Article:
for National Geographic News
Thank Jim Sokolik and other life-support technicians for keeping the pilots of NASA's ER-2 high-altitude research aircraft safe and under pressure as the planes head into the upper reaches of Earth's atmosphere.
Sokolik heads the High Altitude Life Support Team at NASA's Dryden Flight Research Center in Edwards, California (California map).
He prepares and maintains the full-pressure suits that inflate around pilots and keep their bodies under sufficient air pressure during flight emergencies.
Without the extra protection, a pilot would die within minutes, should the first line of defensethe pressurized cockpitfail.
"As you go up in altitude, pressure decreases," Sokolik explained.
ER-2 pilots routinely fly above 63,000 feet (19,200 meters) to study hurricanes, forest fires, atmospheric pollution, and other disasters. (Related: "Hurricane Plane Flies Into Storms to Sharpen Forecasts" [June 2006].)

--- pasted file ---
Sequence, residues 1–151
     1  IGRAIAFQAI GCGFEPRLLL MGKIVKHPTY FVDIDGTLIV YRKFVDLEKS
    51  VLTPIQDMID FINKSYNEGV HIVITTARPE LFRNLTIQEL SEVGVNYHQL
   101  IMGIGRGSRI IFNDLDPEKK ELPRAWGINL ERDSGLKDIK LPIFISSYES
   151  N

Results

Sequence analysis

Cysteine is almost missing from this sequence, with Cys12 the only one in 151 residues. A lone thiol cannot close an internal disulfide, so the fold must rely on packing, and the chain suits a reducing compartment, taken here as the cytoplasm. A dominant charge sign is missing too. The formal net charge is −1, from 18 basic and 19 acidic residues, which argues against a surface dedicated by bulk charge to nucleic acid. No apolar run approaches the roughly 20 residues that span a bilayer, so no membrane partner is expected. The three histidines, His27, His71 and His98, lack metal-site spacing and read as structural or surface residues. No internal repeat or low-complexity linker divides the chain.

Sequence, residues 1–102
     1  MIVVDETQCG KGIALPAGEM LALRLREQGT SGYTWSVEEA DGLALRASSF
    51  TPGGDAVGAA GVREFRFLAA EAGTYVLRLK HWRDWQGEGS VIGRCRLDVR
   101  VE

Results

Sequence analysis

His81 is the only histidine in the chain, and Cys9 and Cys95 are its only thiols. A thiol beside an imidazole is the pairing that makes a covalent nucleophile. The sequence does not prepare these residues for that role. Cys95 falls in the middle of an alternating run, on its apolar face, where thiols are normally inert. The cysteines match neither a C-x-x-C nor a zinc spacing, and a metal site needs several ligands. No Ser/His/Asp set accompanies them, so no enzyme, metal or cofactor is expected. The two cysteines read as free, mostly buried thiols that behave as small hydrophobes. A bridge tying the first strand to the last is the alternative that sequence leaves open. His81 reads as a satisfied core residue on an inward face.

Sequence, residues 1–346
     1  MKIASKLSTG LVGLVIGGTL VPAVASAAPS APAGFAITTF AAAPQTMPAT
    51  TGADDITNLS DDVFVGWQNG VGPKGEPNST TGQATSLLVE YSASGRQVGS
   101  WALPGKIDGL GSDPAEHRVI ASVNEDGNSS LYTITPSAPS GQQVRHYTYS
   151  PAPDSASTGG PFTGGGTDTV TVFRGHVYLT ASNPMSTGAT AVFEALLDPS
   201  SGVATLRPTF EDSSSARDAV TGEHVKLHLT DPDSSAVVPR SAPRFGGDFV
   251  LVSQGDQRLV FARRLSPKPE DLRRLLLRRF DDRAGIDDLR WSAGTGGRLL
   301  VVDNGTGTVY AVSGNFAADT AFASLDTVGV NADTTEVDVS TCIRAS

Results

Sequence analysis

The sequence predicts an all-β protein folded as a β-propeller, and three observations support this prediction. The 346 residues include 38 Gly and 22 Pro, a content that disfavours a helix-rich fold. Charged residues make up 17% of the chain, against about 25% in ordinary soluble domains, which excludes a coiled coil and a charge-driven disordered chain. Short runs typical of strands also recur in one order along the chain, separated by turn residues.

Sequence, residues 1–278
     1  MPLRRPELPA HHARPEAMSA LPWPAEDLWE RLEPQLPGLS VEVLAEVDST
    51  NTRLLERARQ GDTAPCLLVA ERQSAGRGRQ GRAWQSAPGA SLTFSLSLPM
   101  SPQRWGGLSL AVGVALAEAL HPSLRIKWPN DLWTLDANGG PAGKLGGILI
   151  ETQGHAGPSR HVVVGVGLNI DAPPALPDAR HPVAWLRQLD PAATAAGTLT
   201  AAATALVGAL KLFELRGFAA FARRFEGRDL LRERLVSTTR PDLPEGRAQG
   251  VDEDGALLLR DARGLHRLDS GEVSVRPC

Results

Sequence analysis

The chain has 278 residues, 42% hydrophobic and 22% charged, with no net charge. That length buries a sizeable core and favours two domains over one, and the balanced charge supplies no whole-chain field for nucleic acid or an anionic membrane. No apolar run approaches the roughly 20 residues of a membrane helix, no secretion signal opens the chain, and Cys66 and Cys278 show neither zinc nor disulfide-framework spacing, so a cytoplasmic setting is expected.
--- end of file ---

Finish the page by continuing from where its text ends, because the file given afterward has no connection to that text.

At that height, oxygen escapes from blood the same way the gas escapes boiling water.
"That's where the suit comes in," Sokolik said.
Sensors on the suit detect changes and automatically adjust pressure within the suit to keep pilots healthy and safe.
While pressure suits make high-altitude flight safer, wearing them is an exercise in patience and discipline, Sokolik says.
Although modern suits are lightweight and designed for increased pilot movement and comfort, the entire getupincluding helmet, boots, and glovesweighs about 35 pounds (16 kilograms).
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